To stay sharp as a developer, or even learn to code from scratch, you need to see examples. Also, explore new ideas and stay current. How do you get that done? Conferences, meetups, and events are one way. However, this can be an expensive approach. Alternatively? Use the best web development YouTube channels to get your info.

It’s full of other developers’ perspectives and tips. The web development Youtube videos in this roundup cover web development specifically. Basically everything you need to keep your products working and your customers happy.

The best Web Development YouTube Channels

1. The New Boston

The New Boston is at the top of the article for a reason. With an archive of more than 4,000 videos and nearly two million subscribers, there’s plenty to explore. Let’s highlight a few of the channel’s main playlists.

Best Web Development Youtube Channels: The New Boston YouTube Channel

Best YouTube programming videos from The New Boston:

At the time of this writing, it has been over a year since The New Boston came out with a new video. In the meantime, their in-depth archive of short training videos – many are 5-15 minutes long – will get your hands dirty when working with new technologies.

2. Adam Khoury (Developer Training & Programming Courses)

With coverage of JavaScript, PHP, SQL, HTML, CSS, ActionScript and other technologies, this channel has been running for nearly ten years. The channel is solid in JavaScript with over 100 videos dedicated to the technology.

Best Web Development Youtube Channels: Adam Khoury YouTube Channel

Best YouTube videos for developer training and programming courses:

3. Google Chrome Developers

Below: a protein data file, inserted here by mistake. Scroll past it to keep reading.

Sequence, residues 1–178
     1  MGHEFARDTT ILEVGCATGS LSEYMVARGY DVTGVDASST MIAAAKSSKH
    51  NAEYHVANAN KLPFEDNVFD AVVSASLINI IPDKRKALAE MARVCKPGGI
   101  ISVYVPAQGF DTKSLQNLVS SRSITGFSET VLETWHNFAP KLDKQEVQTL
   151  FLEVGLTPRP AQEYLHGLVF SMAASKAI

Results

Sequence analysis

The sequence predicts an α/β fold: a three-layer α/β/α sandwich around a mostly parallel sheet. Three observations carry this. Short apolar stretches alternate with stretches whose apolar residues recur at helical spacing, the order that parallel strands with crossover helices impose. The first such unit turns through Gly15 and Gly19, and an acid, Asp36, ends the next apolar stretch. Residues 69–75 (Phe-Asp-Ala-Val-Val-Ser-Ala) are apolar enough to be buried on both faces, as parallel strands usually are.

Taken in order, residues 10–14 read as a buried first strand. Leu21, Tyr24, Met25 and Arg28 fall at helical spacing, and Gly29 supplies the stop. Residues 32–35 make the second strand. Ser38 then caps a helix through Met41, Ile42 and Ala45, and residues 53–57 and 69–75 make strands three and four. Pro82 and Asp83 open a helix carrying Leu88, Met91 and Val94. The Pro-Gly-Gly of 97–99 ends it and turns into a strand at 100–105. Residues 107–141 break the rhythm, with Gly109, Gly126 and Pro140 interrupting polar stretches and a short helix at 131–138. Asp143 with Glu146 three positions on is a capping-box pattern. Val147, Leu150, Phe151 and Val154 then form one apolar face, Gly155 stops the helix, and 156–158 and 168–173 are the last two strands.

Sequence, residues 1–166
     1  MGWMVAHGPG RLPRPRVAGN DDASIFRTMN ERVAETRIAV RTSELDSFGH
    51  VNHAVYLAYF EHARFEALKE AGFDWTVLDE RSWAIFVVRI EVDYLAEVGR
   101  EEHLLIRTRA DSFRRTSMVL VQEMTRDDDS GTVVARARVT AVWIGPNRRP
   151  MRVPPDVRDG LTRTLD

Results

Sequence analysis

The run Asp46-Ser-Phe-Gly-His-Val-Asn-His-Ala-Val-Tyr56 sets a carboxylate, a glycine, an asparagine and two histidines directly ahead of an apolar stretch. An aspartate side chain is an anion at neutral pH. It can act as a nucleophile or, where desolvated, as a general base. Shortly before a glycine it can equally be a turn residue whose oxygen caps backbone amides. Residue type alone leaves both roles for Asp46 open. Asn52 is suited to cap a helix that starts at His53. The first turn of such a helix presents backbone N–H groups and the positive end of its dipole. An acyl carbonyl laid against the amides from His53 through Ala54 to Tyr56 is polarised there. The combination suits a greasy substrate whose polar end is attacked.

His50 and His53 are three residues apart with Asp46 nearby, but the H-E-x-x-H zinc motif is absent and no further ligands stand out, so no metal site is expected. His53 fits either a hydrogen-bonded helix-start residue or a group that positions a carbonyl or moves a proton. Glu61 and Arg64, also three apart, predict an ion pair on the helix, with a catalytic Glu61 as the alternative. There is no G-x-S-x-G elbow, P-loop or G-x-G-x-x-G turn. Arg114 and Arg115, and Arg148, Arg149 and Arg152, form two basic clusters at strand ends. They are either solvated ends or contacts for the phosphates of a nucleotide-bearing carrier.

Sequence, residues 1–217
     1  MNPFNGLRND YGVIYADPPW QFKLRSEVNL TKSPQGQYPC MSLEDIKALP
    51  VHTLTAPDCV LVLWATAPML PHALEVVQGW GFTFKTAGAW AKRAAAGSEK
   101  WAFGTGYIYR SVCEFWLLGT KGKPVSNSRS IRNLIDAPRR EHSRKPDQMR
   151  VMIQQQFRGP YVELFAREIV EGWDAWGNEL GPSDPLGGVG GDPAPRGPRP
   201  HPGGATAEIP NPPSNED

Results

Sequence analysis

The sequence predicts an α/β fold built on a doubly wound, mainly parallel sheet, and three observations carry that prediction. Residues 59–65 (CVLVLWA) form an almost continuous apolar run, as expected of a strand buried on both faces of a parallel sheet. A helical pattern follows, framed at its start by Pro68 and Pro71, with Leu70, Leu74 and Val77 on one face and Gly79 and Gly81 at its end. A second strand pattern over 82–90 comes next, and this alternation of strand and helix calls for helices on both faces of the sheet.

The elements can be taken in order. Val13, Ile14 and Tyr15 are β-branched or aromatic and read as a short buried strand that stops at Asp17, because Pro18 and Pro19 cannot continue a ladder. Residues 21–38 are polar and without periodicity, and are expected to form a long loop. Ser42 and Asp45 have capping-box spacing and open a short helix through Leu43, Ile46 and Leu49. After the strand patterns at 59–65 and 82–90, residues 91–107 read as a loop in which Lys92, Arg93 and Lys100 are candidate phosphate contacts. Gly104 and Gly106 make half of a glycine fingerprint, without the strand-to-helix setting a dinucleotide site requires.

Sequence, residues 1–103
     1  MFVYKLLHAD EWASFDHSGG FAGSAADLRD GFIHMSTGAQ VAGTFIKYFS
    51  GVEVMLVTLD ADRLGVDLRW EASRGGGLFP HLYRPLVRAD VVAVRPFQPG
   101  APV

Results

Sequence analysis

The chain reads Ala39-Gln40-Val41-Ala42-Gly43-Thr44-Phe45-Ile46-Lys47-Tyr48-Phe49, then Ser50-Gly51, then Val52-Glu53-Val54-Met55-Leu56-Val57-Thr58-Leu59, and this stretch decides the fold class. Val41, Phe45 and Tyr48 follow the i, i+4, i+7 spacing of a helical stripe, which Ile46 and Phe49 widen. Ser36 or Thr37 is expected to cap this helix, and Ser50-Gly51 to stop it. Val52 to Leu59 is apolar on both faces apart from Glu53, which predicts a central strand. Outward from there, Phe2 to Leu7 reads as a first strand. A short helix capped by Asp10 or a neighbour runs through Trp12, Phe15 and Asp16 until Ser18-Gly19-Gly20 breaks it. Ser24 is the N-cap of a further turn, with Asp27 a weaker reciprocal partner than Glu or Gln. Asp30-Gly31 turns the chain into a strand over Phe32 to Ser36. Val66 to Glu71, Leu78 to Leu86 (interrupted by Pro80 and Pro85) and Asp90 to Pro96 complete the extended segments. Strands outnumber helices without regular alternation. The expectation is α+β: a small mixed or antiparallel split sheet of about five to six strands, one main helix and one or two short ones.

As one of the most popular browsers today, it makes sense to keep up with the peeps from Chrome. In addition to Chrome-specific news, the channel also covers broader issues relating to web development. A few examples below.

Best Web Development Youtube Channels: Google Chrome Developers YouTube Channel

Best YouTube videos from Google Chrome Developers:

4. LevelUpTuts (Become a Better Web Developer)

Open up your notebook when you visit this channel – it is a pure tutorial experience. If you are the kind of the person, who likes to take 15-30 minutes a day for professional development, check this channel out.

Best Web Development Youtube Channels: Level Up Tutorials

This channel stands out for its technical breadth and depth with step by step demonstrations. You’ll even find a few tutorials covering Sketch, a popular design tool.

Best YouTube videos on LevelUp Tuts:

5. WPBeginner – WordPress Tutorials

Many web hosts offer one-click installation for WordPress. That’s just the beginning when it comes to using WordPress effectively. Use this channel’s tutorials to customize your WordPress site and improve performance. You’ll also find helpful tips to fix some of the most common WordPress errors.

Best Web Development Youtube Channels: WPBeginner WordPress Tutorials

Best YouTube videos for WordPress Beginners:

What’s next after watching YouTube?

Let’s face it, watching videos has become a part of all of our days. We get it, it’s a fun way to learn. But you need more after you’ve sat through our pick of the top tutorial-oriented videos from the best web development Youtube channels.

So just schedule 30 minutes on your calendar to tinker with the idea. Let us know in the comments below if you’ve added any of these top web development channels to your YT subscriber list. Or tell us if you agree with our list or not on Facebook and Twitter.

Google PageSpeed Insights – How to optimize your site to rank higher